The Efficiency Christmas
ON IMPATIENT men like Bennings, cashier for the Glenn Office Supplies Corportion, Nemesis delights to work through trifles.
In this case it began with a pencil grown too short.
He had been furiously working with it, his speed up so to say, when the cramp in his fingers distracted
Formerly, under the regime of “Pop” Glenn and up to his sudden death two weeks before, Bennings would have reached out in the midst of his figuring, taken any one of a dozen ready pencils before him and gone on working. Now, under the newly-formed Corporation headed by Jasper Glenn, “Pop’s” heir and nephew, Bennings would have to present the stub of his old pencil at the supply department before he received a new one. The same applied to nubbins of erasers, pad-backs, typewriter-ribbons and other hitherto unconsidered trifles.
The change from "Pop’s” friendly personal reign to the efficiency system introduced by Jasper Glenn had settled on Bennings’ mind and spirits like gathering clouds. Now it threatened to affect his work. He slapped the pencil down on his desk in annoyance, and the breaking point was an added jab to his nerves.
Then an idea struck him, born of sarcasm and irritation. The two pencils allotted to him at a time had been used up to about three inches each. With his penknife he made four short stubs of them: These he solemnly presented at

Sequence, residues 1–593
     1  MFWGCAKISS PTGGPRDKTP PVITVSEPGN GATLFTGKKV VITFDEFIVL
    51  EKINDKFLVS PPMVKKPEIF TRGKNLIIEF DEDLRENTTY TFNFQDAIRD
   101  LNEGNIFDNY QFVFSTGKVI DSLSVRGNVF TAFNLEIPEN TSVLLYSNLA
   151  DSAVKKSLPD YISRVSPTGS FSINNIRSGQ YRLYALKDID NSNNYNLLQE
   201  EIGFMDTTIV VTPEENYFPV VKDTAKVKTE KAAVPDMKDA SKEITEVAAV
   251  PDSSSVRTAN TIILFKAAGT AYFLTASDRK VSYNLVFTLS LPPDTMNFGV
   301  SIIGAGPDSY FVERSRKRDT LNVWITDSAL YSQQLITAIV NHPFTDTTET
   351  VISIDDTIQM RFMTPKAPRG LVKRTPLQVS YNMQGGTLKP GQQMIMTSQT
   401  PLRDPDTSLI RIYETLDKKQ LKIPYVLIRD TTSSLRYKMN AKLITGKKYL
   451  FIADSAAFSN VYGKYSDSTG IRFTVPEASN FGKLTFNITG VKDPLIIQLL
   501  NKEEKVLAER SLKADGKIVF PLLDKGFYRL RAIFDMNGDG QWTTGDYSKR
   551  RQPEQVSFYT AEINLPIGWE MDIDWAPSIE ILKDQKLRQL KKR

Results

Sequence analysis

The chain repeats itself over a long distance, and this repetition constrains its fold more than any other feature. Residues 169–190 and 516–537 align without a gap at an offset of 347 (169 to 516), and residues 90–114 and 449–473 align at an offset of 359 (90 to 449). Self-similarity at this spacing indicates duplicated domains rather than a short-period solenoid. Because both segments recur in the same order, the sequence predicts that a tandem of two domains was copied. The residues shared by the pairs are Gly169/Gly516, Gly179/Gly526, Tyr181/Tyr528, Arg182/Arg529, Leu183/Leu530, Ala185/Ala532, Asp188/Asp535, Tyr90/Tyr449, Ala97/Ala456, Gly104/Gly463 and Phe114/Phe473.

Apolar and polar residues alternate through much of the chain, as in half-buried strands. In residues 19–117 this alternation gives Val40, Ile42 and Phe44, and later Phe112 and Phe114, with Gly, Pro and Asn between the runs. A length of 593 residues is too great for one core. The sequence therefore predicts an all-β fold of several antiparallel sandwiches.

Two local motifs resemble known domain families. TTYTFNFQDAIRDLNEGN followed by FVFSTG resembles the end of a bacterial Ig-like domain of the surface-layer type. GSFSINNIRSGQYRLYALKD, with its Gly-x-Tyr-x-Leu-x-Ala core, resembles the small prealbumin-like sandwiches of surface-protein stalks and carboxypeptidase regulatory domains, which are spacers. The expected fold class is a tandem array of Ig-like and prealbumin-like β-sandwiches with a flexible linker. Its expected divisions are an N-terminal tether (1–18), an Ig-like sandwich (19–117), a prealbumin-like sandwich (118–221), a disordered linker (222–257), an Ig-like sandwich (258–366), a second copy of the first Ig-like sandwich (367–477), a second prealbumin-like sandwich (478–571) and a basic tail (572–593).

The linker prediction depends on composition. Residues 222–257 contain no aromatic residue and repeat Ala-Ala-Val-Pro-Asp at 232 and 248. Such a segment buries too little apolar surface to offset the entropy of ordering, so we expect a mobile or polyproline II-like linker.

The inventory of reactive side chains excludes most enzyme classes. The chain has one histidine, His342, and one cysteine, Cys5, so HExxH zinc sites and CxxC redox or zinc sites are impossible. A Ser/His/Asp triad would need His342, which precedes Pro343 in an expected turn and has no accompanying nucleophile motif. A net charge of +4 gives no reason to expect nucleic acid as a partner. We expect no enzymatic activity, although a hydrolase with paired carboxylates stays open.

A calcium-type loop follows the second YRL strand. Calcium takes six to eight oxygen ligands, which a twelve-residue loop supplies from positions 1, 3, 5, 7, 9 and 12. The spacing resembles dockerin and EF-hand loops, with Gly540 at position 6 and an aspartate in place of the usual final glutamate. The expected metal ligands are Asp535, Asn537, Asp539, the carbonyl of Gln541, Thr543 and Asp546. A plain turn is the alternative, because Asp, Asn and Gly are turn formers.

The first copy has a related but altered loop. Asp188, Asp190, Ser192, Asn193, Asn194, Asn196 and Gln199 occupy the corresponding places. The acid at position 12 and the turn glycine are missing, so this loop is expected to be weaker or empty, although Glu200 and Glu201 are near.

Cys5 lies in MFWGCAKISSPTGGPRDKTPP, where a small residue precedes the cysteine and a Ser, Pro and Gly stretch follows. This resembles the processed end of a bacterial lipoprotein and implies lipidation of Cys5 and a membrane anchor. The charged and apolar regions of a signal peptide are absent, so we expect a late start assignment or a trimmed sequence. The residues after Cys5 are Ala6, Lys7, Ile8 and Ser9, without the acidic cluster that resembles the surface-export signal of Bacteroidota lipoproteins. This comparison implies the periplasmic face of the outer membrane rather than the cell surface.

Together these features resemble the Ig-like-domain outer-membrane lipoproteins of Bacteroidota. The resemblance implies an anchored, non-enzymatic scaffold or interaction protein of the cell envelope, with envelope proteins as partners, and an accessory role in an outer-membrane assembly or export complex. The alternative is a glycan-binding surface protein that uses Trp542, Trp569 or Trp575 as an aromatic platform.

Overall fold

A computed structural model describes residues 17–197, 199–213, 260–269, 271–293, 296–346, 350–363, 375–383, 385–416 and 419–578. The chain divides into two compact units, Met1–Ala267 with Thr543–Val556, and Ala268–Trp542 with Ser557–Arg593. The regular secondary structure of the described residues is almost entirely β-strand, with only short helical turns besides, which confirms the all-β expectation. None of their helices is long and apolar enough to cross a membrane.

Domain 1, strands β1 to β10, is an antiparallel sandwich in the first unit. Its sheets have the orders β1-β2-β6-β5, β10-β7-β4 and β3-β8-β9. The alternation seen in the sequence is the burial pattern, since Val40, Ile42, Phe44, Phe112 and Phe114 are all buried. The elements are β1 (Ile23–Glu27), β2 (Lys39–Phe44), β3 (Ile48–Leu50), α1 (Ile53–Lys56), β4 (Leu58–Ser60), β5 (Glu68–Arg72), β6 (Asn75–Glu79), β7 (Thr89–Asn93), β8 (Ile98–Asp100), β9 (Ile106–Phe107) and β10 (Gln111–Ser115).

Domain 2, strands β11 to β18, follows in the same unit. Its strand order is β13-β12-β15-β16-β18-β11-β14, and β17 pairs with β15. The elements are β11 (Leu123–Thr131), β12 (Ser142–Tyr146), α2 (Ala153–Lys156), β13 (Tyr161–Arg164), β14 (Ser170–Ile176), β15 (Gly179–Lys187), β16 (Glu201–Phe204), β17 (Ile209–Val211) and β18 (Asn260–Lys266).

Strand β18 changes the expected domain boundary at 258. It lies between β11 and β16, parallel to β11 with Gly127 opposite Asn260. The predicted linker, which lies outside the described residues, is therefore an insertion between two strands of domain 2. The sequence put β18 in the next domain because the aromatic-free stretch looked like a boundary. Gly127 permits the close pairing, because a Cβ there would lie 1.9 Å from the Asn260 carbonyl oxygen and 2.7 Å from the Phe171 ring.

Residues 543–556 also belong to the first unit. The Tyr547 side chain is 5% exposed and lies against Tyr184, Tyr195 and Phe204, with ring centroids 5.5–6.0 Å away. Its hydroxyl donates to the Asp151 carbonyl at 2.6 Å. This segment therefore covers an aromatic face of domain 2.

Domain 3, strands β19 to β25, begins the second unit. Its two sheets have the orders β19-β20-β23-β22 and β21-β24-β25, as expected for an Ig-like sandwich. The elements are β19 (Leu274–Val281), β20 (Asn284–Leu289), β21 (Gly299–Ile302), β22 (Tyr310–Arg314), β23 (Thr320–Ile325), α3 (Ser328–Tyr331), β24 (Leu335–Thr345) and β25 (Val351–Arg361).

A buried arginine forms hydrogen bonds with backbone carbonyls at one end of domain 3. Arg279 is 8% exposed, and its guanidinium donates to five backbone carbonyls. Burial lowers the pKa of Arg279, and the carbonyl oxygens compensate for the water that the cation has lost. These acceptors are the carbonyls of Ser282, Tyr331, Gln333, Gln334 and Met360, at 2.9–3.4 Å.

the window of the supply department and pronounced a ceremonious “Thank you” to the clerk for the four new pencils received. It sharpened the tang of the joke a little that the man who supervised the supply clerk should l)e looking on at the moment.
With a sardonic smile at his booty of two extra pencils, Bennings again bored into his work, only to be again interrupted.
“Mr. Glenn wants to see you at once,” a messenger
Bennings put away his work. He had not yet come into close contact with Jasper Glenn. “Pop” Glenn, who had built up the business from a tiny stationery store, used to go among his employees like one of themselves. The new chief was a being apart. When he summoned an employee to his private office in work hours it was for some important, or disagreeable reason.